Museums and theatres remained shuttered in Paris for a second day on Sunday, with hundreds of soldiers and police patrolling the streets and metro stations after French President Francois Hollande declared a state of emergency.
Seven gunmen, all of whom were wearing suicide vests packed with explosives, died in the multiple assaults. The first to be identified was named as Ismael Omar Mostefai, a 29-year-old who lived in the city of Chartres, southwest of Paris.
French media said he was French-born and of Algerian descent. Molins said the man had a security file for Islamist radicalisation, adding that he had a criminal record but had never spent time in jail.
A judicial source said Mostefai's father and brother had been taken in for questioning, along with other people believed to be close to him.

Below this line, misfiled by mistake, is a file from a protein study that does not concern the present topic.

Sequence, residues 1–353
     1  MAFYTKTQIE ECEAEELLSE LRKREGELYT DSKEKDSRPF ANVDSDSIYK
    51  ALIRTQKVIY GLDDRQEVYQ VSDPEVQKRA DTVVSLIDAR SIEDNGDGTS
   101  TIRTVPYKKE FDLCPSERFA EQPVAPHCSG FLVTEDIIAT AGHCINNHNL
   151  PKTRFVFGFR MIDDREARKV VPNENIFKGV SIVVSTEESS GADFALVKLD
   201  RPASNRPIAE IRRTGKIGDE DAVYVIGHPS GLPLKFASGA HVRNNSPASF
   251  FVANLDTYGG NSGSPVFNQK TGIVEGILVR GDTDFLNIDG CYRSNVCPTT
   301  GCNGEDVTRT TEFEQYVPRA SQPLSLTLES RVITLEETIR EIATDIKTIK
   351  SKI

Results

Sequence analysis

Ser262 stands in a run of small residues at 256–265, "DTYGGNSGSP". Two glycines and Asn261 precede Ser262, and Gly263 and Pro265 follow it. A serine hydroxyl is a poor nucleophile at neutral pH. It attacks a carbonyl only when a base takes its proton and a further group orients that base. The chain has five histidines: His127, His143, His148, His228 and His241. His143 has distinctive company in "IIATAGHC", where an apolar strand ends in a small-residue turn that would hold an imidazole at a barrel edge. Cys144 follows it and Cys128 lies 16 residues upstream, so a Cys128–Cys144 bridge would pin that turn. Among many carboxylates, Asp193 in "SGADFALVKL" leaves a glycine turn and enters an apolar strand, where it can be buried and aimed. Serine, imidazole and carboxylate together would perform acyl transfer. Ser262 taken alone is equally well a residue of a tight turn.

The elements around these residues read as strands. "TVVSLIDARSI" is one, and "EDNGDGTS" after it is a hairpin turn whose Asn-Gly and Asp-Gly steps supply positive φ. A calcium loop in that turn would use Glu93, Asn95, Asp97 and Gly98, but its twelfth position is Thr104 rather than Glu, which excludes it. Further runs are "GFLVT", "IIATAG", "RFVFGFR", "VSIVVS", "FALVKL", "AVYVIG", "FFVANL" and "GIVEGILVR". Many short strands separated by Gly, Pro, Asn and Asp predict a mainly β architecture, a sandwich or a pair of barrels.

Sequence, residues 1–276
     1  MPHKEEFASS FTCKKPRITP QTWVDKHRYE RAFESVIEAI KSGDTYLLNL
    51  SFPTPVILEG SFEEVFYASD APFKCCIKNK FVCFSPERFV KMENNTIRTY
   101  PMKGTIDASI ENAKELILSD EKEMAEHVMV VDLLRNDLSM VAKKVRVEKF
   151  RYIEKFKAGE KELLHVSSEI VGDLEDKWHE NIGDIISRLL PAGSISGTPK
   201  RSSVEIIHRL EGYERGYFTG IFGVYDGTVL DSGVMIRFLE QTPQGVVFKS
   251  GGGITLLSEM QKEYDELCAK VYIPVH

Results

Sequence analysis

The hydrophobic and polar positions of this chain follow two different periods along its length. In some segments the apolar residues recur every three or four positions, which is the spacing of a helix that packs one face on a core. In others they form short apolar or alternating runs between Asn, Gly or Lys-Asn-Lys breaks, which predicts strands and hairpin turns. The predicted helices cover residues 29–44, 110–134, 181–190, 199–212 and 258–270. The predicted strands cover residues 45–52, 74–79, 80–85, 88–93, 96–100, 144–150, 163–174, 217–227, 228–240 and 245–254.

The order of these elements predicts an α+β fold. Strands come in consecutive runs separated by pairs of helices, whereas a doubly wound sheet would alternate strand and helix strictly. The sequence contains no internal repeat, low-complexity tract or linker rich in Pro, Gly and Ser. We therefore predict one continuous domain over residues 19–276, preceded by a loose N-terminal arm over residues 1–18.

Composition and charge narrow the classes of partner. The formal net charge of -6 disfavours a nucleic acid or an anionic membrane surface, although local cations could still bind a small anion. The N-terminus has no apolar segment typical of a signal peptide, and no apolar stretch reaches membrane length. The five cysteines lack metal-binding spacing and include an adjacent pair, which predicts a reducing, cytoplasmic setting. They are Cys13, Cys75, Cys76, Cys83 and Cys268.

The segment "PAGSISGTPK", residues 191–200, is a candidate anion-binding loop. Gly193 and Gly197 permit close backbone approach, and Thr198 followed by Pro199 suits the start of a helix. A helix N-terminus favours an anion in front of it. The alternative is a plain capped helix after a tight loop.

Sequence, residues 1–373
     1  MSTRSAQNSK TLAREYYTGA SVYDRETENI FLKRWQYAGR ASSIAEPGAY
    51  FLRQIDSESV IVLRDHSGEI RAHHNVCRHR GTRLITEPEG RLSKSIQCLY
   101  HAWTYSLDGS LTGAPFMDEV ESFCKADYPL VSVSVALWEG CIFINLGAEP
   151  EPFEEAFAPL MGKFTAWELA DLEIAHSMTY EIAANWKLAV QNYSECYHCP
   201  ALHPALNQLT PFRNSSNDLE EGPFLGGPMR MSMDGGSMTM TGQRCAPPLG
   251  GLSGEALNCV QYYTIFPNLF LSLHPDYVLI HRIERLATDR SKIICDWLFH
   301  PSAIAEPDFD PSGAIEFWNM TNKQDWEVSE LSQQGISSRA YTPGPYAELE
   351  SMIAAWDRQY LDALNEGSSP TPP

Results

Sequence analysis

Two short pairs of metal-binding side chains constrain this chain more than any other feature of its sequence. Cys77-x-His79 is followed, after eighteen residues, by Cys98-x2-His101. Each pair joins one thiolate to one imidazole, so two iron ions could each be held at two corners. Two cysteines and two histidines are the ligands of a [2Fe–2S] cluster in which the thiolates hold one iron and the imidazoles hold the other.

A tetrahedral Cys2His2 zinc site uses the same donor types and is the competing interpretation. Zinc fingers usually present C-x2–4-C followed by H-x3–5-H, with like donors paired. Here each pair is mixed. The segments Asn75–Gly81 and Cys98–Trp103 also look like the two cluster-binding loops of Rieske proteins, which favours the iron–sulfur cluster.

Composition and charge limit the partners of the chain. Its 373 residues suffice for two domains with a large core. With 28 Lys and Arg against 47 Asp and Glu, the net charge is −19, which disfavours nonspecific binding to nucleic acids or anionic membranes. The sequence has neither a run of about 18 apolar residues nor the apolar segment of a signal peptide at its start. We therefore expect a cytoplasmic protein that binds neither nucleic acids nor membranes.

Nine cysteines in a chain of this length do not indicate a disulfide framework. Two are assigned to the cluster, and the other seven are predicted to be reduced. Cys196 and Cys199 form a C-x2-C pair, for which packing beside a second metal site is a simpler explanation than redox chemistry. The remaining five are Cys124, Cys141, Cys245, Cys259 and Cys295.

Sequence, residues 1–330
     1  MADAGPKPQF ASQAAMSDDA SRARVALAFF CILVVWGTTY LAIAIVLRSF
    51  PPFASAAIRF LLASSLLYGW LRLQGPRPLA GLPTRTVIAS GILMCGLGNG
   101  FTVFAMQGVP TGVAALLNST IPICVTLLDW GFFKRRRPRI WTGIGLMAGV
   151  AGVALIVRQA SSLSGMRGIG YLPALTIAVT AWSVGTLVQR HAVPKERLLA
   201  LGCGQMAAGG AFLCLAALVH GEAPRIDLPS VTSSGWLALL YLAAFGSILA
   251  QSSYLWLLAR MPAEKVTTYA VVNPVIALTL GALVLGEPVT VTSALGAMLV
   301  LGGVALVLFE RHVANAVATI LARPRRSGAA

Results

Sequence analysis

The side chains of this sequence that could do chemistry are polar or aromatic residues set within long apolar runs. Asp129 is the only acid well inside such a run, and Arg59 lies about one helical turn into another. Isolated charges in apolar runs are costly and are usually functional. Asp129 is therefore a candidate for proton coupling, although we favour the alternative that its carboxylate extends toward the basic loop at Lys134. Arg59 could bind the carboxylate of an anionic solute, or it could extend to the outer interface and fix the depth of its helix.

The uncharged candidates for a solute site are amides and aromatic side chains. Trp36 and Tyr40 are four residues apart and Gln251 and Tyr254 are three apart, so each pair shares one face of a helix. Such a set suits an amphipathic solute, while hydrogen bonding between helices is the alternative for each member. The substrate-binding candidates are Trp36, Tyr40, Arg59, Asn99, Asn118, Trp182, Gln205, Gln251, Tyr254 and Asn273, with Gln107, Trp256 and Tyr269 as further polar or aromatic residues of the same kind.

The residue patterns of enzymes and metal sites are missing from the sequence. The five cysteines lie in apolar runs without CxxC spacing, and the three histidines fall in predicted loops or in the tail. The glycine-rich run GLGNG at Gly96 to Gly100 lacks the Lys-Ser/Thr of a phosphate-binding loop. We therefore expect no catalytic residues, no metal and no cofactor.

Another source said police had found a car in a suburb east of Paris that was believed to have been used in the assault, suggesting that at least one of the attackers had escaped.
Prosecutors said the slaughter - claimed by Islamic State as revenge for French military action in Syria and Iraq - appeared to involve a multinational team with links to the Middle East, Belgium and possibly Germany as well as home-grown French roots.
Greek officials said one and perhaps two of the assailants had passed through Greece in October from Turkey alongside Syrian refugees fleeing violence in their homeland.
"We are at war. We have been hit by an act of war, organised methodically by a terrorist, jihadist army," Prime Minister Manuel Valls told TF1 television on Saturday night.
"Because we are at war we will take exceptional measures. We will act and we will hit them. We will hit this enemy to destroy them, obviously in France and Europe ... but also in Syria and Iraq," he said. "We will win."